Reports: ND556136-ND5: Fundamental Insights into Heterogeneously Catalyzed Reactions Using Modulation Excitation FT-IR and Raman Spectroscopy
Ive Hermans, University of Wisconsin, Madison
The aim of this research proposal is to gain insight into the fundamental nature of heterogeneous catalysts by using operando Modulation Excitation Spectroscopy Diffuse Reflectance InfraRed Fourier Transform Spectroscopy (MES-DRIFTS). Due to the complex processes that occur on a heterogeneous catalyst surface under reaction conditions, IR spectroscopy usually becomes difficult to interpret. The state-of-the-art MES technique allows us to separate the active species from the spectator species, and even to enhance the signal-to-noise ratio. Moreover, MES can also give semi-quantitative micro-kinetic information. Here, we use operando MES-DRIFTS to investigate the influence of metal doping on the Lewis acid catalyst, Ag-Zr-BEA, for the production of 1,3-butadiene directly from ethanol.
In the initial phase of the project, we constructed an operando MES-DRIFTS setup whereby we interfaced a mass spectrometer to the DRIFTS cell to collect kinetic data. To perform MES-DRIFTS experiments using a liquid substrate, we use syringe pumps, injecting the liquid substrate into a heated stainless spiral with flowing inert carrier gas which stabilizes the gas flow gained from vaporized liquid substrates (Figure 1). Also, by using 2-position 4-way valves, we can generate two different gas flows to operate modulation. Our setup also allows us to direct gas flow to the exhaust line until it reaches a steady concentration. After steady conditions are reached, we direct the gas flow to DRIFTS cell, which contains the catalyst, and switch between these two channels periodically.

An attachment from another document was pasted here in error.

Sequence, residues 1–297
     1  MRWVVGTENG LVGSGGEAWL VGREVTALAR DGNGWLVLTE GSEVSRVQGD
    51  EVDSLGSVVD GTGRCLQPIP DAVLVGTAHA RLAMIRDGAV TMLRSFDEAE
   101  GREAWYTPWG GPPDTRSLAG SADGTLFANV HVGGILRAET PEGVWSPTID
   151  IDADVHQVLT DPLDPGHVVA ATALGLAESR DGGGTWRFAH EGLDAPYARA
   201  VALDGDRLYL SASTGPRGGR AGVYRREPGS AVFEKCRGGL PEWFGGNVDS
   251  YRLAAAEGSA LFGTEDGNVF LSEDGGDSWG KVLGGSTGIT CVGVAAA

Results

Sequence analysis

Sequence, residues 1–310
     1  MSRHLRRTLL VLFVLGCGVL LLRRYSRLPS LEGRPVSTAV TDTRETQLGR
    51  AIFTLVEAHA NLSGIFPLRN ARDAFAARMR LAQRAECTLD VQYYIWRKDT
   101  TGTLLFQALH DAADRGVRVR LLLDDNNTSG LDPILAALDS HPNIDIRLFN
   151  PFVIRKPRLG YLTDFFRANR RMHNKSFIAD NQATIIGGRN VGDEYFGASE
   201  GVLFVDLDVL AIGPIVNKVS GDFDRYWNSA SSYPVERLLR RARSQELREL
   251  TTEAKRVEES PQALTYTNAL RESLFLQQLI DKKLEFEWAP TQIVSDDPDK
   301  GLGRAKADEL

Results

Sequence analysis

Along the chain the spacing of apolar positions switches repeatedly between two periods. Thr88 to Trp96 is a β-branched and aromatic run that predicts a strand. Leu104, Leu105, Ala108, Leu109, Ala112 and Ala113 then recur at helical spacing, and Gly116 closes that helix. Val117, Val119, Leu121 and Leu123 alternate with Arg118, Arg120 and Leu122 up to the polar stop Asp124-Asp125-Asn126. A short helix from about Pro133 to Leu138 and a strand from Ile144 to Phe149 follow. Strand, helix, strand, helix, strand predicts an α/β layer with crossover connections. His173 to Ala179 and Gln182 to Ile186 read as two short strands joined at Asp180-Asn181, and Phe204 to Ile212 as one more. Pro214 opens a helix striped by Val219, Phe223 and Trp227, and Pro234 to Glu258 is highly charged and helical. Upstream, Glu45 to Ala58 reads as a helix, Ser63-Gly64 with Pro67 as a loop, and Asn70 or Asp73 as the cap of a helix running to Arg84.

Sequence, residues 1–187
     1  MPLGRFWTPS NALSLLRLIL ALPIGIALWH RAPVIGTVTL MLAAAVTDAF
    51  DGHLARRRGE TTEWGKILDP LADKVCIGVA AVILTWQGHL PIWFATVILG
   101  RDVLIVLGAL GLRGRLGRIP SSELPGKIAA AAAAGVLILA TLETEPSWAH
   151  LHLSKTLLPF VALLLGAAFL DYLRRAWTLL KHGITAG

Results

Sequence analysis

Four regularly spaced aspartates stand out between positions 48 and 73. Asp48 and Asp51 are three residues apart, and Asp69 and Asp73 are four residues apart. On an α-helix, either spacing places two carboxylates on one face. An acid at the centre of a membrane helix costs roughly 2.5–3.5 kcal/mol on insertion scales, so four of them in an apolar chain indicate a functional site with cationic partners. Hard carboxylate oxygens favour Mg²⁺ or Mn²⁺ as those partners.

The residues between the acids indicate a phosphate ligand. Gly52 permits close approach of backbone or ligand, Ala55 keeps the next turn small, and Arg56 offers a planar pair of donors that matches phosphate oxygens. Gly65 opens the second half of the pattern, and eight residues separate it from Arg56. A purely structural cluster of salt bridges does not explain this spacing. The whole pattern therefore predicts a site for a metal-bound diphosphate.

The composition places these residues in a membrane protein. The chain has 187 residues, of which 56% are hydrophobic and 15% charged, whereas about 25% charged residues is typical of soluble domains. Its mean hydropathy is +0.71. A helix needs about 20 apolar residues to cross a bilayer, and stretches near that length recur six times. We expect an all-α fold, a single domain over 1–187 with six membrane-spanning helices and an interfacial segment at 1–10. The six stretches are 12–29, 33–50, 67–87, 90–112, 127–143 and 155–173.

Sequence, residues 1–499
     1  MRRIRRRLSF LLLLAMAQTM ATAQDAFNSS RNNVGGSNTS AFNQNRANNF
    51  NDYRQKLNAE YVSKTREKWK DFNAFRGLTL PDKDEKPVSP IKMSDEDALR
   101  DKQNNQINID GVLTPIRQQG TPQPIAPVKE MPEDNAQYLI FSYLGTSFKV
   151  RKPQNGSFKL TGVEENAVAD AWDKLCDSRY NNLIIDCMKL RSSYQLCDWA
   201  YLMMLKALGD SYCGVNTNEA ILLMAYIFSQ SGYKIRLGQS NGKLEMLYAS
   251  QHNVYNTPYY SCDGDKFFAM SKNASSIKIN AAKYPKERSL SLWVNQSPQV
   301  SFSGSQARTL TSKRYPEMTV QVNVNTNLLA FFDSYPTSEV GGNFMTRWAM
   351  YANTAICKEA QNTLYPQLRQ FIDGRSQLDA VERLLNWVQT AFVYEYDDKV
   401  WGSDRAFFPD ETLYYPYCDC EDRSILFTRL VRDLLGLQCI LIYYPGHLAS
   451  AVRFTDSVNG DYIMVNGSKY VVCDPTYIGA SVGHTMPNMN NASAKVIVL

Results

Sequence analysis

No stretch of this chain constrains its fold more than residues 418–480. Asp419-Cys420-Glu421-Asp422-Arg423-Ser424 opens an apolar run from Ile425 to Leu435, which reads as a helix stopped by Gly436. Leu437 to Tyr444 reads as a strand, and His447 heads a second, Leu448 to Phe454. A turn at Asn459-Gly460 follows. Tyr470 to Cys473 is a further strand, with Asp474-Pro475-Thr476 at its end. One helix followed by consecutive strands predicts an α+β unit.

Figure 1: Schematic diagram for MES-DRIFTS-MS setup for liquid substrates. The syringe pump injects the liquid into an inert carrier gas flow in a heated coil and, by using 2-position 4-way valves, two different compositions of gas flow can be modulated between two channels. The DRIFTS cell can be interfaced to a MS to collect kinetic data.
We studied the reaction mechanism for the production of 1,3-butadiene (BD) from ethanol/acetaldehyde (EtOH/AA) coupling over Ta-BEA catalyst using MES-DRIFTS. The reaction scheme for the production of 1,3-butadiene from ethanol is shown in Figure 2. We showed the productivity of BD is sensitive to the ratio of EtOH/AA. In the first step, crotonaldehyde (CA) will form by the aldol condensation of AA and EtOH, and then reduced with EtOH through a Meerwein-Ponndorf-Verley (MPV) mechanism to form crotyl alcohol (COH), which can then dehydrate to form BD. However, the disadvantage of this approach is that AA has to be co-fed with EtOH to complete the catalytic process. Since the Lewis acid sites are not able to dehydrogenate the EtOH to AA, we doped Ag to add dehydrogenation functionality, which can enhance the activity and selectivity.
Figure 2: Schematic reaction mechanism for synthesizing 1,3-butdiene from ethanol coupling.